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Health damage of air pollution: An estimate of a dose-response relationship for the Netherlands

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  • Thijs Zuidema
  • Andries Nentjes

Abstract

This paper estimates the dose-response relationship between air pollution and the number of work loss days for the Netherlands. The study is based on illness data (work loss days) for the Dutch labour population and average year concentrations of air pollution in 29 districts. The dose-response relationship has been estimated by means of two different techniques: the ordinary least squares method (OLS) and the one-way fixed-effects method (OWFEM), which we consider to be more adequate. In general health effects are much smaller when OWFEM is applied than if OLS is used. With OWFEM a significant relationship is found between sulphate aerosol (SO 4), ammonia (NH 3) and the number of work loss days (WLDs). Particulates (TSP), O 3 and SO 2 have no significant effect on the number of WLDs. These results differ from those obtained in studies in the United States, which indicate that particulates (TSP) and other small particles, ozone (O 3) and to a lesser extent SO 4 and SO 2 significantly influence the number of WLDs. Copyright Kluwer Academic Publishers 1997

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Bibliographic Info

Article provided by European Association of Environmental and Resource Economists in its journal Environmental & Resource Economics.

Volume (Year): 9 (1997)
Issue (Month): 3 (April)
Pages: 291-308

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Handle: RePEc:kap:enreec:v:9:y:1997:i:3:p:291-308

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Web page: http://www.springerlink.com/link.asp?id=100263

Related research

Keywords: abatement of air pollution; dose-response relationship; health damage; one-way fixed-effects method;

References

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  1. Ostro, Bart D., 1987. "Air pollution and morbidity revisited: A specification test," Journal of Environmental Economics and Management, Elsevier, vol. 14(1), pages 87-98, March.
  2. Lipfert, Frederick W., 1984. "Air pollution and mortality: Specification searches using SMSA-based data," Journal of Environmental Economics and Management, Elsevier, vol. 11(3), pages 208-243, September.
  3. Mendelsohn, Robert & Orcutt, Guy, 1979. "An empirical analysis of air pollution dose-response curves," Journal of Environmental Economics and Management, Elsevier, vol. 6(2), pages 85-106, June.
  4. Chappie, Mike & Lave, Lester, 1982. "The health effects of air pollution: A reanalysis," Journal of Urban Economics, Elsevier, vol. 12(3), pages 346-376, November.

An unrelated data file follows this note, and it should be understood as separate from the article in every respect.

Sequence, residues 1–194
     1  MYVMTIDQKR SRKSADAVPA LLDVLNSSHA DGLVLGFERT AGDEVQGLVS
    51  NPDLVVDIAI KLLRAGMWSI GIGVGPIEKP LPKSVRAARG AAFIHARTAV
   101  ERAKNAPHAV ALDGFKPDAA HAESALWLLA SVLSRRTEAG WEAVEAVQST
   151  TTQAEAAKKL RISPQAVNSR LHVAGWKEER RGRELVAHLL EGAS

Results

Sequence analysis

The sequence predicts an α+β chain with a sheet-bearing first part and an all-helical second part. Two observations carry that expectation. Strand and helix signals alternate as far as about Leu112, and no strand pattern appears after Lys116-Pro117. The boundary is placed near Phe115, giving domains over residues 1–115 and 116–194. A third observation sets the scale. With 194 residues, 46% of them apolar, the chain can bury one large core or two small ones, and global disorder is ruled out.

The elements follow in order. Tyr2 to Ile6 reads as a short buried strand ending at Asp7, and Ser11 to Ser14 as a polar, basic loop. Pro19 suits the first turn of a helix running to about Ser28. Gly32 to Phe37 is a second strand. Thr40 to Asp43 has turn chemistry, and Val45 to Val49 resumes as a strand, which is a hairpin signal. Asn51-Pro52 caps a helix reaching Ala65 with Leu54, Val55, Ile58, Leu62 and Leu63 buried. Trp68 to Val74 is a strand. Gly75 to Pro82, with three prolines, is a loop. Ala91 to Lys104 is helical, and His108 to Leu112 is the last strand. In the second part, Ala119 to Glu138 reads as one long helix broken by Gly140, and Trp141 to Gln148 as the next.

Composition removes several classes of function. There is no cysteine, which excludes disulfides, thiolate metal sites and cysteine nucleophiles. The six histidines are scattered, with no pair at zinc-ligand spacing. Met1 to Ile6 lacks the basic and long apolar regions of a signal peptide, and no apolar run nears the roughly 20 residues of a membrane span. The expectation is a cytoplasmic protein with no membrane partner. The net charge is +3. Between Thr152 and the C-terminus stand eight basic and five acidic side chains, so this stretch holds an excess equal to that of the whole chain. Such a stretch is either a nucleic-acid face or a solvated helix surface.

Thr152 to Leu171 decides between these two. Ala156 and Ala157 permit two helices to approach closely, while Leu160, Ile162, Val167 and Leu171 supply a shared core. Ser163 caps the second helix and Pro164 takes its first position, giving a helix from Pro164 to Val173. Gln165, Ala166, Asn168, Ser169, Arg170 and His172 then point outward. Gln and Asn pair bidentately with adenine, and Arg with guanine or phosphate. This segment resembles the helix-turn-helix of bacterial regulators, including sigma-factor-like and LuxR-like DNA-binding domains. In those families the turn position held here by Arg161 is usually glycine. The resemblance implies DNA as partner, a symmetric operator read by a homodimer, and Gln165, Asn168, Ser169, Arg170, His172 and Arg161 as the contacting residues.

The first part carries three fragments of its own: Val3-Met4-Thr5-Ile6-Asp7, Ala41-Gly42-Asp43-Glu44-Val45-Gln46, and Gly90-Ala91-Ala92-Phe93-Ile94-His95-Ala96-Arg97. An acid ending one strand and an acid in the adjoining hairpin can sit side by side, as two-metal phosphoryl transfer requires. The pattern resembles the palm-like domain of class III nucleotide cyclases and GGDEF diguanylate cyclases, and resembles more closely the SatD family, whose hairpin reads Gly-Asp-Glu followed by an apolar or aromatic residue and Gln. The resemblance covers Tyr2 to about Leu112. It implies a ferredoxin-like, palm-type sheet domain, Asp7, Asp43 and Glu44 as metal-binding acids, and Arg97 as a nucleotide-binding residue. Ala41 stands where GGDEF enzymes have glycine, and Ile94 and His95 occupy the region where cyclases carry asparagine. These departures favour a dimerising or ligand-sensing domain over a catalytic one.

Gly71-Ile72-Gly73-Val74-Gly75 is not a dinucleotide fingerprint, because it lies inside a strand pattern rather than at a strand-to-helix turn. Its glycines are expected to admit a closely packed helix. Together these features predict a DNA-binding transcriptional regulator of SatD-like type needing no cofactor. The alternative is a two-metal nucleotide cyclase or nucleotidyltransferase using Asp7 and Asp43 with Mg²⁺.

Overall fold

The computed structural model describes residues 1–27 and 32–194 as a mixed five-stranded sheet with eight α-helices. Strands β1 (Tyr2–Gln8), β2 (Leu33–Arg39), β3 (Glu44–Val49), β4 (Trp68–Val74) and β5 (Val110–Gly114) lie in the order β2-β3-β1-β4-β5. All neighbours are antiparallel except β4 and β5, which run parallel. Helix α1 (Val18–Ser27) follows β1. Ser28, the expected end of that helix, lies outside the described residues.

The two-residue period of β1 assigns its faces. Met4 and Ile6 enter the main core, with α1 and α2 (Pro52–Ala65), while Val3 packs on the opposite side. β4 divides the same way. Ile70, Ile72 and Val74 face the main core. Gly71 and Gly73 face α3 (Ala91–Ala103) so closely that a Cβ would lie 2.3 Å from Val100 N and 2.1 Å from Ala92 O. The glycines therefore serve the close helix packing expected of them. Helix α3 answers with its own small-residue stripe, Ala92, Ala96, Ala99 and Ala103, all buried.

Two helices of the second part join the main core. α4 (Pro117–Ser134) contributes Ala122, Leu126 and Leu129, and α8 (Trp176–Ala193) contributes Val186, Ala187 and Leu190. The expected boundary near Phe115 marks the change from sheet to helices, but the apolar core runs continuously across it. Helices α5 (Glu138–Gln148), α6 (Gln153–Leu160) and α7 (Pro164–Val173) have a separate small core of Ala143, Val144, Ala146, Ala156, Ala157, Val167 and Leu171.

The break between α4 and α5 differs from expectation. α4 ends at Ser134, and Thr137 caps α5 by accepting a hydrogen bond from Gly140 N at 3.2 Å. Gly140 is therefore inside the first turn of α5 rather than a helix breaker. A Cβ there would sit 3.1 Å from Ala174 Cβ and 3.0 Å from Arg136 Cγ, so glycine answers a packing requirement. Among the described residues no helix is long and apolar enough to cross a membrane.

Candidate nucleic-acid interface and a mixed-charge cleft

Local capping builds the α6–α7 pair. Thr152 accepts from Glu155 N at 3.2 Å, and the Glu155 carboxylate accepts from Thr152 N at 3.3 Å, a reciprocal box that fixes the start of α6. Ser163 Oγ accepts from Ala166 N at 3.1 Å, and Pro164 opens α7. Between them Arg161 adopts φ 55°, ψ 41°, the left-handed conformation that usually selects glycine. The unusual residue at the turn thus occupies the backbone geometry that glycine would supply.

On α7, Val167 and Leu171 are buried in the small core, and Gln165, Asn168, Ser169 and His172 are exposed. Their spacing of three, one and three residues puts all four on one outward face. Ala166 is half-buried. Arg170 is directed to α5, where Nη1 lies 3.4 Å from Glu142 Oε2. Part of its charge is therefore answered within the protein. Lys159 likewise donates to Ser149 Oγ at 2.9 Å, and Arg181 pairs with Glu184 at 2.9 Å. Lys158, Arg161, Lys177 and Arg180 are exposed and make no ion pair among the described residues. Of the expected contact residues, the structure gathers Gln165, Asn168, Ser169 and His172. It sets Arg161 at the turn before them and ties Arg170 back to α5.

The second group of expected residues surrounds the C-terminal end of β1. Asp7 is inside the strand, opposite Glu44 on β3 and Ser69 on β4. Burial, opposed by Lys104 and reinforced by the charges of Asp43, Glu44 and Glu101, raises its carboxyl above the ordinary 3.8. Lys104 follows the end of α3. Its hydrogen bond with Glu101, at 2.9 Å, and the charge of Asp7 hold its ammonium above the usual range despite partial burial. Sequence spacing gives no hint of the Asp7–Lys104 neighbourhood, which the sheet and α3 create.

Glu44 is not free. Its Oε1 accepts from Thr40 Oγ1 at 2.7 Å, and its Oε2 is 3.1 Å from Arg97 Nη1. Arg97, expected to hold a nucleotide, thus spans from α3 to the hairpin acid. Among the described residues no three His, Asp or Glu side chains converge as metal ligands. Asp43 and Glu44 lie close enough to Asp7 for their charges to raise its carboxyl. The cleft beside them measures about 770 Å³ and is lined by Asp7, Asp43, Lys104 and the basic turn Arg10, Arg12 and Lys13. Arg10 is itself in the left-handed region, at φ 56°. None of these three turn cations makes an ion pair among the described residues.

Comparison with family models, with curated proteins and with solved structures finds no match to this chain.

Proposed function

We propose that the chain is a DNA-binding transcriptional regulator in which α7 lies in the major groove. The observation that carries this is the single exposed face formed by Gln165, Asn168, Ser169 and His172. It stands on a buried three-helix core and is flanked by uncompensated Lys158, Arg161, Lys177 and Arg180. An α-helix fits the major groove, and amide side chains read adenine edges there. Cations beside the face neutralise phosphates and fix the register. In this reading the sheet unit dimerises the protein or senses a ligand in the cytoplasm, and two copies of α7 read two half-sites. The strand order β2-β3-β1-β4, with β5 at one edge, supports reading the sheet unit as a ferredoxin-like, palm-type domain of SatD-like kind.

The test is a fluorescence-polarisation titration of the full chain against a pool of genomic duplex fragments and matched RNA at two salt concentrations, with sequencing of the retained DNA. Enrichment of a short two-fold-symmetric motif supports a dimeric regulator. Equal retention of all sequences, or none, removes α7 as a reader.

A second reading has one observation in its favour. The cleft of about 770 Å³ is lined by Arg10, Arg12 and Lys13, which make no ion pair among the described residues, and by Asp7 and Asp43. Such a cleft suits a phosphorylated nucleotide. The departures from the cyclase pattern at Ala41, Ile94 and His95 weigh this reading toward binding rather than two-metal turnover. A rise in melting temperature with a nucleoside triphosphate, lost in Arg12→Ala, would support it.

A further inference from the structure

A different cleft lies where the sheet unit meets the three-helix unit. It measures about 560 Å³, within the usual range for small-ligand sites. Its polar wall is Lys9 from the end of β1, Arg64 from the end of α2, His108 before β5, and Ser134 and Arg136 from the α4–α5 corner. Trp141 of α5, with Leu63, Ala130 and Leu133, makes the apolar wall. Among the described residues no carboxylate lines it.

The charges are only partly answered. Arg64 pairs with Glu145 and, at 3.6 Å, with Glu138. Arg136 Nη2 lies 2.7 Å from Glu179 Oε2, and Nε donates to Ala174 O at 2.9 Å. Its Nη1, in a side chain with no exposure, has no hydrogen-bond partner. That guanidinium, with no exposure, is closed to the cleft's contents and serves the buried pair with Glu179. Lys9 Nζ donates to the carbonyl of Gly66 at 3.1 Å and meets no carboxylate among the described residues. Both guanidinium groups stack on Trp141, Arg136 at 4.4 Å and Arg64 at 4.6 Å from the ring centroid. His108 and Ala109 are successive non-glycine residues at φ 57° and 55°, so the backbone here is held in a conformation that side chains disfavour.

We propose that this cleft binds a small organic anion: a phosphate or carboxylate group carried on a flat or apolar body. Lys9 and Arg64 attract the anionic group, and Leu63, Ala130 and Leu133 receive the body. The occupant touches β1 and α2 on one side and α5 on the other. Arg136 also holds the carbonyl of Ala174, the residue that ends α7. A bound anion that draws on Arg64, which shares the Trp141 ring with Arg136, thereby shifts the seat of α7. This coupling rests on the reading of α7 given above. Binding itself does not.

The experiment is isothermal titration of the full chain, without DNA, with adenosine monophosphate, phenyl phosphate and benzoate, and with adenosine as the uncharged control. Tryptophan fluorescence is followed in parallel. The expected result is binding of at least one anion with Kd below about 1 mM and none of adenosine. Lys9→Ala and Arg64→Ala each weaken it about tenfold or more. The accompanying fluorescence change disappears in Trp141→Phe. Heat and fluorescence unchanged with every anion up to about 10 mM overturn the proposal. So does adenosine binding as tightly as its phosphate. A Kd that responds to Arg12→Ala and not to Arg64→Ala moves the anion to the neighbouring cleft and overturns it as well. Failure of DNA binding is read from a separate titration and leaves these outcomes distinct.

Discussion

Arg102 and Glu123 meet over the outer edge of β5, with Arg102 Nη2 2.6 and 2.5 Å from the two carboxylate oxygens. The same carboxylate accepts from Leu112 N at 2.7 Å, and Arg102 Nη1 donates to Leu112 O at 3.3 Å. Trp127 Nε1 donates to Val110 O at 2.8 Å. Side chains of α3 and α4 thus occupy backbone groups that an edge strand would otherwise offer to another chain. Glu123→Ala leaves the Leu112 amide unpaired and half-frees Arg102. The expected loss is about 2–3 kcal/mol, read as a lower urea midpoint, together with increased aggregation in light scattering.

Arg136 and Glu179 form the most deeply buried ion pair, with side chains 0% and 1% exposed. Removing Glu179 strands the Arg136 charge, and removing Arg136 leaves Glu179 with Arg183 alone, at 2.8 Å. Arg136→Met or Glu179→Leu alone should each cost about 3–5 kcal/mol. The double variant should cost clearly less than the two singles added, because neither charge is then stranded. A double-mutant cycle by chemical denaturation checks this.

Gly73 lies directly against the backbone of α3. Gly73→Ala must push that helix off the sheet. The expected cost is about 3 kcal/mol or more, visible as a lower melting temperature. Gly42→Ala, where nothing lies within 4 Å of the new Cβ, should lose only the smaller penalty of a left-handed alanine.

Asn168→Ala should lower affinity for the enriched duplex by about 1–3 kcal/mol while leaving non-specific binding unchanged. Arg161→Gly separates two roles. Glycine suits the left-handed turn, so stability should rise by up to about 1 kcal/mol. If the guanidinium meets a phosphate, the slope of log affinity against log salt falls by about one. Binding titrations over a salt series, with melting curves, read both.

5. Cropper, M L, 1981. "Measuring the Benefits from Reduced Morbidity," American Economic Review, American Economic Association, vol. 71(2), pages 235-40, May.
  6. Portney, Paul R. & Mullahy, John, 1986. "Urban air quality and acute respiratory illness," Journal of Urban Economics, Elsevier, vol. 20(1), pages 21-38, July.
  7. Krupnick, Alan J. & Harrington, Winston & Ostro, Bart, 1990. "Ambient ozone and acute health effects: Evidence from daily data," Journal of Environmental Economics and Management, Elsevier, vol. 18(1), pages 1-18, January.
  8. Ostro, Bart D., 1983. "The effects of air pollution on work loss and morbidity," Journal of Environmental Economics and Management, Elsevier, vol. 10(4), pages 371-382, December.
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Citations

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Cited by:
  1. Narayan, Paresh Kumar & Narayan, Seema, 2008. "Does environmental quality influence health expenditures? Empirical evidence from a panel of selected OECD countries," Ecological Economics, Elsevier, vol. 65(2), pages 367-374, April.
  2. Masako Ikefuji & Ryo Horii, 2005. "Wealth Heterogeneity and Escape from the Poverty-Environment Trap," Development and Comp Systems 0505001, EconWPA.
  3. Edward Calthrop & Stef Proost, 1998. "Road Transport Externalities," Environmental & Resource Economics, European Association of Environmental and Resource Economists, vol. 11(3), pages 335-348, April.
  4. Mukhopadhyay, Kakali & Forssell, Osmo, 2005. "An empirical investigation of air pollution from fossil fuel combustion and its impact on health in India during 1973-1974 to 1996-1997," Ecological Economics, Elsevier, vol. 55(2), pages 235-250, November.
  5. Jesse Schwartz & Robert Repetto, 2000. "Nonseparable Utility and the Double Dividend Debate: Reconsidering the Tax-Interaction Effect," Environmental & Resource Economics, European Association of Environmental and Resource Economists, vol. 15(2), pages 149-157, February.
  6. Violeta – Maria Cimpoeru, 2012. "An Empirical Study on Key Indicators of Environmental Quality: Green Budgeting - a Catalyst for Sustainable Economy and a Factor for Institutional Change," The AMFITEATRU ECONOMIC journal, Academy of Economic Studies - Bucharest, Romania, vol. 14(32), pages 485-500, June.
  7. Anett Hansen & Harald Selte, 2000. "Air Pollution and Sick-leaves," Environmental & Resource Economics, European Association of Environmental and Resource Economists, vol. 16(1), pages 31-50, May.

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